I am going to quote one of my favorite passages from your book. “On the pew where I sat though, there wasn’t a damn bit of light to be had. Light never shined on a man like me and that was certain. In a lot of ways, that made men like Daddy the lucky ones to have only ever known the darkness. Knowing only darkness, a man doesn’t have to get his heart broken in search of the light. I envied him for that.”

The light plays such a big part in this book and we see references to it throughout the story and the title. Why do you think the light (or lack of it) is such an important element in your story and how did you come to create this concept for your readers?

With this novel I knew the title before I wrote the first word. That’s not to say that I knew what it meant, and I certainly didn’t try to write toward that meaning, but rather it just sort of matured with the story. I think that idea of light and dark works really well as a metaphor for what Jacob’s facing. We’ve got an eighteen-year-old kid born into very harsh circumstances that he’s not really equipped to handle. There’s a similar line to the one you’ve quoted where Jacob is talking about the idea of light at the end of the tunnel, that sort of hope that one has when they’re coming out of the darkness. But for Jacob, he can’t understand an idea like that because he’s not coming out, he’s walking into the darkness, and, “for those who move further into darkness the light becomes a thing onto which we can only look back. Looking back slows you down. Looking back destroys focus. Looking back can get you killed.” So Jacob can’t look back. This conflict between light and dark is ultimately about hope. When you’re facing the types of things that Jacob is facing, it’s much easier to just accept the way things are than to hope for anything better. Hope leads to heartbreak and that’s why Jacob’s so conflicted. That’s really the key issue in the book, and so I think that metaphor, the idea of light and dark, helps to stitch that seam.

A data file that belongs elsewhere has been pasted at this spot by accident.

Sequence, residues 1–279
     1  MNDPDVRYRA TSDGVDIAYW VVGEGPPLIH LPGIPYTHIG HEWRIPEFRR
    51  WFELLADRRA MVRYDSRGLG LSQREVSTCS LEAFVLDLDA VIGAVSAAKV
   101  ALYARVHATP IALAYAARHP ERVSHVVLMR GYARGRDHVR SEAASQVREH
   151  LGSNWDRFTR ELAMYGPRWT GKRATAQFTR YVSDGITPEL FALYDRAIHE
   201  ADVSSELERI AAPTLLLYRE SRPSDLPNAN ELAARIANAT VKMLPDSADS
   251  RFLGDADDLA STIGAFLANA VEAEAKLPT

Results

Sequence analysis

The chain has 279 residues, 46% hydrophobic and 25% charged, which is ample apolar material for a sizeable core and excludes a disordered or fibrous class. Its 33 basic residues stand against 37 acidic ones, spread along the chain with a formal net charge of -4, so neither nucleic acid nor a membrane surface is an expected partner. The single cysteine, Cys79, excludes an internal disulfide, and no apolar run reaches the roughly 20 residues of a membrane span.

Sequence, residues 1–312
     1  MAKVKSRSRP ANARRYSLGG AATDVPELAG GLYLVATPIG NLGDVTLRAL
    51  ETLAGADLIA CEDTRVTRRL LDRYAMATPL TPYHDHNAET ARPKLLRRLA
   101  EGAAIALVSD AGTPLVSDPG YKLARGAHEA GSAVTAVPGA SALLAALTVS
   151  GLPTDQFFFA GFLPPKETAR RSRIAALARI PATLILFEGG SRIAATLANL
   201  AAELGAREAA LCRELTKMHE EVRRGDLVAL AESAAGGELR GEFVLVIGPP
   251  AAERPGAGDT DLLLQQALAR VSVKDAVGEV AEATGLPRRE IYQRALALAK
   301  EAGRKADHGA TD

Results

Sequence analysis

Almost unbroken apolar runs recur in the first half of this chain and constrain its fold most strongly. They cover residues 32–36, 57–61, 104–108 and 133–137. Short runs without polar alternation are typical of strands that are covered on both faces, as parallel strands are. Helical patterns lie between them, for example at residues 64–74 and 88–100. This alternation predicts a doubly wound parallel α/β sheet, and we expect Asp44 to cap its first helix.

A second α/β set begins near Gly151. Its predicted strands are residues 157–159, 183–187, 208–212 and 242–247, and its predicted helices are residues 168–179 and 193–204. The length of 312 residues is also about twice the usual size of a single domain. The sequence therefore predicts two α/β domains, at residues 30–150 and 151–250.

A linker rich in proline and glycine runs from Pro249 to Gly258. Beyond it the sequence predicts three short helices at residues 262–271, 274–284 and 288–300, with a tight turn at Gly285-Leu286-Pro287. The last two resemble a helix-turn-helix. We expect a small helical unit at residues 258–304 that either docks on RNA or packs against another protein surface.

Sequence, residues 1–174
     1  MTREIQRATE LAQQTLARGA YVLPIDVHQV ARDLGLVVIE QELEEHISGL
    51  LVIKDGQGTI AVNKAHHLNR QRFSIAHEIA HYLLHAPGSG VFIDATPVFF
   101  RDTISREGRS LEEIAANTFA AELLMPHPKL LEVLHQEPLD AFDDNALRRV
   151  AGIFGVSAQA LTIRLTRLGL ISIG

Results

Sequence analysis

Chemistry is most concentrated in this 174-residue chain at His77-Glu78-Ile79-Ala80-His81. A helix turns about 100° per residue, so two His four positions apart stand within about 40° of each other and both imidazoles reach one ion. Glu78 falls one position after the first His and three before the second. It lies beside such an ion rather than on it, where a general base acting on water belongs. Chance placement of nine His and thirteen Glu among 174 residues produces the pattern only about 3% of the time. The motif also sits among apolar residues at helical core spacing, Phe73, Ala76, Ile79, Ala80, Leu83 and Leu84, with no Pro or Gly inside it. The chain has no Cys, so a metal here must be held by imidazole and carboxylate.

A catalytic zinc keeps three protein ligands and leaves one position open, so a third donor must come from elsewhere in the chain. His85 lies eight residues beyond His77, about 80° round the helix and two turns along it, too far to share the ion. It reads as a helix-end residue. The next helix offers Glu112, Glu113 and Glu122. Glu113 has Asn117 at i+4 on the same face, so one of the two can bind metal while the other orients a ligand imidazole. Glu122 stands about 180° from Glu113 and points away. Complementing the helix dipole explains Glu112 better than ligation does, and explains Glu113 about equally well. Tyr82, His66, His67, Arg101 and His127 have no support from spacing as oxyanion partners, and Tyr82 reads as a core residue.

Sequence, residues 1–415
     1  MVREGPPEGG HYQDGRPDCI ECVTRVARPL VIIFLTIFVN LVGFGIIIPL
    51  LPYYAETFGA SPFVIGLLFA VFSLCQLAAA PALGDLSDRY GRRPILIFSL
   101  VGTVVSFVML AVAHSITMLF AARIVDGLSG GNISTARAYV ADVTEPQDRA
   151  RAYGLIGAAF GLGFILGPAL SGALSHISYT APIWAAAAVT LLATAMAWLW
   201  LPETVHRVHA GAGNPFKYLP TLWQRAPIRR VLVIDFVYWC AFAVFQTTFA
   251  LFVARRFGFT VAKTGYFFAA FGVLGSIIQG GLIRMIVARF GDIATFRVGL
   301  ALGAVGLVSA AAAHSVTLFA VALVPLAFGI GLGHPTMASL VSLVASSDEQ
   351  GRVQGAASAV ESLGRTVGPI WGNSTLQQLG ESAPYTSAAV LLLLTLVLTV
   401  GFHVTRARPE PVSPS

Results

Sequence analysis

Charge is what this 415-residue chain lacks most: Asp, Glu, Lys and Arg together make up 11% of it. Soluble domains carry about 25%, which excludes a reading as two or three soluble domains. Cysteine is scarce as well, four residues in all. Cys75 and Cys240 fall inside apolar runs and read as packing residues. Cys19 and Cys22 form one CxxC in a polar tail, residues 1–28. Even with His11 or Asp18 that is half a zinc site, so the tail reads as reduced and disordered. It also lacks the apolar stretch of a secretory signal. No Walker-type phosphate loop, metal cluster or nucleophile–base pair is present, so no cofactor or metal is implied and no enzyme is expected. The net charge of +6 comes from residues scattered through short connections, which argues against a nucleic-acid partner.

You have a bit of a Breaking Bad opener with a botched murder situation which was rather gruesome to read and kept me on the edge of my seat. Do you think Jacob’s life would have worked out differently if they had successfully killed the guy?

This is probably the toughest question I’ve ever been asked because what happens to Robbie Douglas is the catalyst for things falling apart. Without that trigger, the pin doesn’t hit the shell. In other words, none of what takes place in the novel would have happened. At the same time, the fatalism that we witness is something that I think was inevitable. If Robbie Douglas had died, Jacob might’ve prolonged that unraveling, but things would have still fallen apart. Lives like Jacob’s typically end one way.